Thank you for writing to us! Although we receive hundreds of e-mails every day, we really and truly read them all, and your comments, suggestions, and questions are most welcome. Unfortunately, we can manage to answer only a small fraction of our incoming mail.
Our site covers many of the items currently being plopped into inboxes everywhere, so if you were writing to ask us about something you just received, our search engine can probably help you find the very article you want.
Choose a few key words from the item you're looking for and click here to go to the search engine.
(Searching on whole phrases will often fail to produce matches because the text of many items is quite variable, so picking out one or two key words is the best strategy.)
We do reserve the right to use non-confidential material sent to us via this form on our site, but only after it has been stripped of any information that might identify the sender or any other individuals not party to this communication.
This is the deadly snow snake. It has bitten 3 people in the state of Ohio and one in Pennsylvania. It’s been spotted in other states. It comes out in the cold weather and at this time there is no cure for it's bite. One bite and your blood starts to freeze. Scientist are trying to find a cure. Your body temperature start to fall once bitten. Please stay clear if you have see it. Please forward this and try to save as many people as we can from this deadly snow snake.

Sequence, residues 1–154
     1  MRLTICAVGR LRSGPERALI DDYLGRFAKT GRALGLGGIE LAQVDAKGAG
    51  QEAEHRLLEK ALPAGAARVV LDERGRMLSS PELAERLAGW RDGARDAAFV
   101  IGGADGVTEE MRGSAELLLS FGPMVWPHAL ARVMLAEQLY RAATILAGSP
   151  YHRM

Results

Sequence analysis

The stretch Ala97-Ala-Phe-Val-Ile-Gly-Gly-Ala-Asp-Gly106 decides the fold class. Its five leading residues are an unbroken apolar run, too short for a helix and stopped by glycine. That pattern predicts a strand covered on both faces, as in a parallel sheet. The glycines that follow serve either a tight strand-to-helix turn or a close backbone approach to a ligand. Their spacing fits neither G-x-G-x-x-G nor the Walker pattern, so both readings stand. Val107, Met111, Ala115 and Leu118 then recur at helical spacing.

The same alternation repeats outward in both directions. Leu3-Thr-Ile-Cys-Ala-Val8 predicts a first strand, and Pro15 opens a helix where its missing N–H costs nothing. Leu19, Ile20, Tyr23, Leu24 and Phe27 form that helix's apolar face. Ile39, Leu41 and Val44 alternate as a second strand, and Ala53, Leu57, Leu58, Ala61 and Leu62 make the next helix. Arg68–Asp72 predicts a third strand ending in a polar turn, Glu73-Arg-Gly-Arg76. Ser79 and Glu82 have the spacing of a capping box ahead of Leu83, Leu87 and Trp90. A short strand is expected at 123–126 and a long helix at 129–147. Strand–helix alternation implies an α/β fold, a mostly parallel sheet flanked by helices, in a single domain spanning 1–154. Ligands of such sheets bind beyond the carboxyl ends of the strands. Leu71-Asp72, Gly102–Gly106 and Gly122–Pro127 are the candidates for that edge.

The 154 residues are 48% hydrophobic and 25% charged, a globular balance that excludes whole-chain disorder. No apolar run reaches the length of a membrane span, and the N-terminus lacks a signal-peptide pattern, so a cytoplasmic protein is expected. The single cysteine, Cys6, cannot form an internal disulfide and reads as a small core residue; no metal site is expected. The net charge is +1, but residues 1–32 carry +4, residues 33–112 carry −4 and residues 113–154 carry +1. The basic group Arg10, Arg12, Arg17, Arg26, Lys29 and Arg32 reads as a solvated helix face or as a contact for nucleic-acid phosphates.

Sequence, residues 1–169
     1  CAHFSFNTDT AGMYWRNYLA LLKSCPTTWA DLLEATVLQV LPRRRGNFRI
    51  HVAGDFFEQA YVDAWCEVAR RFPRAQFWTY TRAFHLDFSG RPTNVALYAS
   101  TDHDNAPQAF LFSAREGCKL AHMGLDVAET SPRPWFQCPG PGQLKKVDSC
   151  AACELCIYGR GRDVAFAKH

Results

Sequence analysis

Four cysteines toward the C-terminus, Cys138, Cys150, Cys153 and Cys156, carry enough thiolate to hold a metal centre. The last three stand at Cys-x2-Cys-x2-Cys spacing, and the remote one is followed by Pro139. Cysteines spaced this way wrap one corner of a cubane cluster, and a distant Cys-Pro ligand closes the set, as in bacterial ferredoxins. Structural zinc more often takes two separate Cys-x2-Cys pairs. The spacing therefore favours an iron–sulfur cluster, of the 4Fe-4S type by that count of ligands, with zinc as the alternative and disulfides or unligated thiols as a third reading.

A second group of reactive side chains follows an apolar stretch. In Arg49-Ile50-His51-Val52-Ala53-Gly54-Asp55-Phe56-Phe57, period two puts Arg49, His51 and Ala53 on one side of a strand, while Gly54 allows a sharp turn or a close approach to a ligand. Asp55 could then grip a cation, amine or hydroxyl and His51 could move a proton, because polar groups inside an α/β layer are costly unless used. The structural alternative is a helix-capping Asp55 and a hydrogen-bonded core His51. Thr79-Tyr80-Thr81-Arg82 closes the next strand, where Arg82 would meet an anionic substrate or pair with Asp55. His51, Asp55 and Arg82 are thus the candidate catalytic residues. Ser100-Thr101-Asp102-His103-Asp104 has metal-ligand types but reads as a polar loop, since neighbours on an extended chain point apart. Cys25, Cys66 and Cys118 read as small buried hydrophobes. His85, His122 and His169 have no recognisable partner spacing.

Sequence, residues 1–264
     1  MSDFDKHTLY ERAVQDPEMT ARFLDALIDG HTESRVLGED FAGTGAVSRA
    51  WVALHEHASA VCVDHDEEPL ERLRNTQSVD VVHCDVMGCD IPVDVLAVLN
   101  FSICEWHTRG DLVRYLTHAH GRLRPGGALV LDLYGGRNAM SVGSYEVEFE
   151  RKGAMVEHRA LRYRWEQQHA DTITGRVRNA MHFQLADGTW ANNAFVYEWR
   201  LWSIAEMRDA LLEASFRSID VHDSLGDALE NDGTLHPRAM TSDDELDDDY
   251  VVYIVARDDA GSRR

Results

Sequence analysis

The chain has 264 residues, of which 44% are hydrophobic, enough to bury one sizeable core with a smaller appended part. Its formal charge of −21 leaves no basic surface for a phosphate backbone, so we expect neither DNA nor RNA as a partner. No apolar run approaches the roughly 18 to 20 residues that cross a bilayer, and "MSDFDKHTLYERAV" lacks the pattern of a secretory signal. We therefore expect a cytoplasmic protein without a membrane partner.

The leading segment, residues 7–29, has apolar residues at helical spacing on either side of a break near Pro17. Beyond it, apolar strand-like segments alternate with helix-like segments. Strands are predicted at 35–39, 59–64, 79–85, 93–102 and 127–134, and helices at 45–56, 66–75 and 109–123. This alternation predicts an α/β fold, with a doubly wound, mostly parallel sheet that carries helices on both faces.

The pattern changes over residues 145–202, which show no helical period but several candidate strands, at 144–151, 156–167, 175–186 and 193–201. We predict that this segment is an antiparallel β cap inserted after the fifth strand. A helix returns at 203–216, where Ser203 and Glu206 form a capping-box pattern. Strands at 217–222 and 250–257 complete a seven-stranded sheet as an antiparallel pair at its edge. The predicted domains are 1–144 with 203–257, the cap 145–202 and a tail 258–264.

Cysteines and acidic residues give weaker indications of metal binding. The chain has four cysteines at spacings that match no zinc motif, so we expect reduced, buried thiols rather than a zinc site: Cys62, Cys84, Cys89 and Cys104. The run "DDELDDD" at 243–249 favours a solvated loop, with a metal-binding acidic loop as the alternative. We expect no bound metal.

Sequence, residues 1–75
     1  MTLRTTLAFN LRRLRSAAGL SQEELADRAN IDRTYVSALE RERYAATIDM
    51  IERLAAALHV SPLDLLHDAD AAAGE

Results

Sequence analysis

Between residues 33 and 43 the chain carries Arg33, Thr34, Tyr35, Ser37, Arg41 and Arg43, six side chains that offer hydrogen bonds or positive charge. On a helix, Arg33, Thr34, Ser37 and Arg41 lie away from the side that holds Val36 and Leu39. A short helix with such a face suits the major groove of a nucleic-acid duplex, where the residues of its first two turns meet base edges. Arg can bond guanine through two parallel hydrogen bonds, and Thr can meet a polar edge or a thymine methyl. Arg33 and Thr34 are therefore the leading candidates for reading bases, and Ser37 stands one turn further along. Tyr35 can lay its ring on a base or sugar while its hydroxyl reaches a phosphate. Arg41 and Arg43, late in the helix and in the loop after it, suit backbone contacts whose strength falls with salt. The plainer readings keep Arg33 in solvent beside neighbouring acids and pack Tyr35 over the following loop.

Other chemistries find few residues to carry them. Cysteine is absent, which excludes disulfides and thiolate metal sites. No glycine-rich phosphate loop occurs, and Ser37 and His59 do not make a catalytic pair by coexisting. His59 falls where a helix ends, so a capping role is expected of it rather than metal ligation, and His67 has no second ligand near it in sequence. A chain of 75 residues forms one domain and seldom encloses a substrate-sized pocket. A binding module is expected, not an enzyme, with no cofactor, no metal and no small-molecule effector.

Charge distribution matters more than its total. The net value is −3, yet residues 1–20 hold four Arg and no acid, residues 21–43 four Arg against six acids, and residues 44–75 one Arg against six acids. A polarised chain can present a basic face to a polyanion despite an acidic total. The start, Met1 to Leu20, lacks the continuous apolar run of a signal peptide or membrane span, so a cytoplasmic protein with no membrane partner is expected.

Origins: There is no such thing as a "snow snake," at least not as described above, a form of white serpent that
"comes out in the cold weather" and bites victims, causing their "blood to freeze." Snakes, like other reptiles, are cold-blooded creatures that depend upon external warming to regulate their body temperatures and cannot survive outdoors in snowy climes — species of snakes that inhabit areas with colder climates generally go into a hibernation-like state known as brumation during the winter months, burrowing or seeking other forms of shelter where they can remain warm and dormant until the season passes.
Some species of snake can exhibit a white coloration due to the genetic mutation of albinism, but the photograph displayed above appears to be a white-colored rubber snake rather than an image of a true albino.
Besides, those who indulge in winter sports use the term "snow snake" to identify the mythical creature to be blamed for their downhill wipeouts.